- (Class) classForCoder;
Availability: OpenStep

Override to substitute class when an instance is being serialized by an NSCoder . Default implementation returns [self class] (no substitution).

className 

- (NSString*) className;
Availability: MacOS-X 10.0.0

Returns the name of the class of the receiving object by using the NSStringFromClass() function.
This is a MacOS-X addition for apple scripting, which is also generally useful.

copy 

- (id) copy;
Availability: OpenStep

Creates and returns a copy of the receiver by calling -copyWithZone: passing NSDefaultMallocZone()

dealloc 

- (void) dealloc;
Availability: OpenStep

Deallocates the receiver by calling NSDeallocateObject() with self as the argument.

You should normally call the superclass implementation of this method when you override it in a subclass, or the memory occupied by your object will not be released.

NSObject 's implementation of this method destroys the receiver, by returning the memory allocated to the receiver to the system. After this method has been called on an instance, you must not refer the instance in any way, because it does not exist any longer. If you do, it is a bug and your program might even crash with a segmentation fault.

If you have turned on the debugging facilities for instance allocation, NSObject 's implementation of this method will also update the various counts and monitors of allocated instances (see the GSDebugAllocation... functions for more info).

Normally you are supposed to manage the memory taken by objects by using the high level interface provided by the retain, release and autorelease methods (or better by the corresponding macros RETAIN, RELEASE and AUTORELEASE), and by autorelease pools and such; whenever the release/autorelease mechanism determines that an object is no longer needed (which happens when its retain count reaches 0), it will call the dealloc method to actually deallocate the object. This means that normally, you should not need to call dealloc directly as the gnustep base library automatically calls it for you when the retain count of an object reaches 0.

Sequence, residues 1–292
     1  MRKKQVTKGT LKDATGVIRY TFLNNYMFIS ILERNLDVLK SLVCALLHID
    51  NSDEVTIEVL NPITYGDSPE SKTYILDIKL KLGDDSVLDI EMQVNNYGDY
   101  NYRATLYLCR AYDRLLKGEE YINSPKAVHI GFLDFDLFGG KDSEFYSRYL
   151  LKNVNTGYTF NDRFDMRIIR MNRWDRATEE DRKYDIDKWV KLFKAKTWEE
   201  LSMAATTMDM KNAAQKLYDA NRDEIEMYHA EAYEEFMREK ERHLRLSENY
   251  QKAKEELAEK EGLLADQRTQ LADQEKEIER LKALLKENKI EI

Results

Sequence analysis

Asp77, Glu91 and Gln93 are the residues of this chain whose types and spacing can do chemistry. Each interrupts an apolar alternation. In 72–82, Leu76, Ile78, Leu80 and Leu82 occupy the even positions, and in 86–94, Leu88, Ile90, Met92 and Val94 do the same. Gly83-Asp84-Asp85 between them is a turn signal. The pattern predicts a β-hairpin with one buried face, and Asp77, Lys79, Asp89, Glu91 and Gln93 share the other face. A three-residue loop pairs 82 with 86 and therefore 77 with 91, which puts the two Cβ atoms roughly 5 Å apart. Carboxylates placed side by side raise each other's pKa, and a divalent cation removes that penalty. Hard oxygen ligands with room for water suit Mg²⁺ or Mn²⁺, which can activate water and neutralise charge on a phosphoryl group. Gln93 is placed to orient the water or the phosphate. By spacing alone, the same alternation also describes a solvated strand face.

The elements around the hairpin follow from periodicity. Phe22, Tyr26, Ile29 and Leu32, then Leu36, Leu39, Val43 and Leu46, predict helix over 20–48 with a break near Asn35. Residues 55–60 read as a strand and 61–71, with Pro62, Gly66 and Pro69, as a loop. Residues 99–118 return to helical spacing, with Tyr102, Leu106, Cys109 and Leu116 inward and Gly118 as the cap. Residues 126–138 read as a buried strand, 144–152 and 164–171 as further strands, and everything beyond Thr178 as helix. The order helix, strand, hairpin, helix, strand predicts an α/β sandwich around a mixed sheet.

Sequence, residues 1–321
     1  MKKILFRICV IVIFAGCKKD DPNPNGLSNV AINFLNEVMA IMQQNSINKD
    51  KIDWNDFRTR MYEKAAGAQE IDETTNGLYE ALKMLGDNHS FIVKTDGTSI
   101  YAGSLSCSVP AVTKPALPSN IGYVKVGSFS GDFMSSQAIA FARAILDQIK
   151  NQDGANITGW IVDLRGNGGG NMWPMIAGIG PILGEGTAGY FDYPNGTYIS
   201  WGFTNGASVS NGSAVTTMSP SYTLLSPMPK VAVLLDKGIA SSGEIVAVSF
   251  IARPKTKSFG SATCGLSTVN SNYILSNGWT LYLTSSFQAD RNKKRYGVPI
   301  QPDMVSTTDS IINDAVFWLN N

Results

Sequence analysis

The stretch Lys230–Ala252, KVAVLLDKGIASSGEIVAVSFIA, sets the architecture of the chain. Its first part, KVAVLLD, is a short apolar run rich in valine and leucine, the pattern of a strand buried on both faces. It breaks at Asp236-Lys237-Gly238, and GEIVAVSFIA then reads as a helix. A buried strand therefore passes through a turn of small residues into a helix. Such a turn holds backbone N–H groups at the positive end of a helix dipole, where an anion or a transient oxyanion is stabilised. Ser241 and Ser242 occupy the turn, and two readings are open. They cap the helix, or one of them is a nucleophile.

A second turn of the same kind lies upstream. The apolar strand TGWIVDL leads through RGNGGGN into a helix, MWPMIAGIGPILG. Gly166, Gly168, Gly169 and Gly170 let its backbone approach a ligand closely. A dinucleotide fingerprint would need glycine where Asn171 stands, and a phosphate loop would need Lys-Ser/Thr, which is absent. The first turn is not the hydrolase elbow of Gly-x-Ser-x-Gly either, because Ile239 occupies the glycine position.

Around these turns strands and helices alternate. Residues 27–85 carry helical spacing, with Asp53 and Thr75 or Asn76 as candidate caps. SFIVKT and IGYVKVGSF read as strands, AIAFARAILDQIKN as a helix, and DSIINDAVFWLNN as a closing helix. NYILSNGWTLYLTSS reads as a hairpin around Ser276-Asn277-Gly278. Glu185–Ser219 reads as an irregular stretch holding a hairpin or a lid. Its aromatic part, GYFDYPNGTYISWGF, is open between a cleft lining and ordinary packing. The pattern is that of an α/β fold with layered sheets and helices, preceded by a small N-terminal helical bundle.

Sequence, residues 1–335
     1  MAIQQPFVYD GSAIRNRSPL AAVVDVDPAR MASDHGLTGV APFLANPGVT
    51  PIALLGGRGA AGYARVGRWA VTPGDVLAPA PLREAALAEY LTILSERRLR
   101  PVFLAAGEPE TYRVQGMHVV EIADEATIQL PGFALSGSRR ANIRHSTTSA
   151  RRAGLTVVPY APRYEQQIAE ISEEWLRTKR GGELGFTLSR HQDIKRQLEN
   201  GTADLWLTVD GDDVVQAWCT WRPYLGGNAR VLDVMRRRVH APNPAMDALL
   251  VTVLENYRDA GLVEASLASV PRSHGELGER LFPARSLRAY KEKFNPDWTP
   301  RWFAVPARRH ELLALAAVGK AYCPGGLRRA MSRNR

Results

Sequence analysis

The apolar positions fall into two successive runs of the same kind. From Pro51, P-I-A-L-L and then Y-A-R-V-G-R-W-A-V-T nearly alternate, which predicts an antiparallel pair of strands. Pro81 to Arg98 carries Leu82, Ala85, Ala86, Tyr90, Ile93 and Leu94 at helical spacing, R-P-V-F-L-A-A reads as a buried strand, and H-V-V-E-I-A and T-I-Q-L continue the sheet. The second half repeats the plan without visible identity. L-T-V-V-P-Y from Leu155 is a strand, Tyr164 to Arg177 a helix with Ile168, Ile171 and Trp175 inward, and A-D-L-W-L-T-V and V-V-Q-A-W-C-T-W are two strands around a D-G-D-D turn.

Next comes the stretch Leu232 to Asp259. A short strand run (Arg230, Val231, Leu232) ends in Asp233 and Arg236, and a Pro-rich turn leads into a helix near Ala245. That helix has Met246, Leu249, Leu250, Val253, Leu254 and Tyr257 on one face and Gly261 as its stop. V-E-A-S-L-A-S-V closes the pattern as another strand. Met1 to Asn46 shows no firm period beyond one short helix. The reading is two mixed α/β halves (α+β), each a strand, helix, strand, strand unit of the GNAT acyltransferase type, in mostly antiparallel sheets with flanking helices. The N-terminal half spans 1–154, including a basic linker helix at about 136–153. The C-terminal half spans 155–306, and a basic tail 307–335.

Because the dealloc method will be called when an instance is being destroyed, if instances of your subclass use objects or resources (as it happens for most useful classes), you must override dealloc in subclasses to release all objects and resources which are used by the instance, otherwise these objects and resources would be leaked. In the subclass implementation, you should first release all your subclass specific objects and resources, and then invoke super's implementation (which will do the same, and so on up in the class hierarchy to NSObject 's implementation, which finally destroys the object). Here is an example of the implementation of dealloc for a subclass whose instances have a single instance variable name which needs to be released when an instance is deallocated:

- (void) dealloc {RELEASE (name); [super dealloc];}

dealloc might contain code to release not only objects, but also other resources, such as open files, network connections, raw memory allocated in other ways, etc.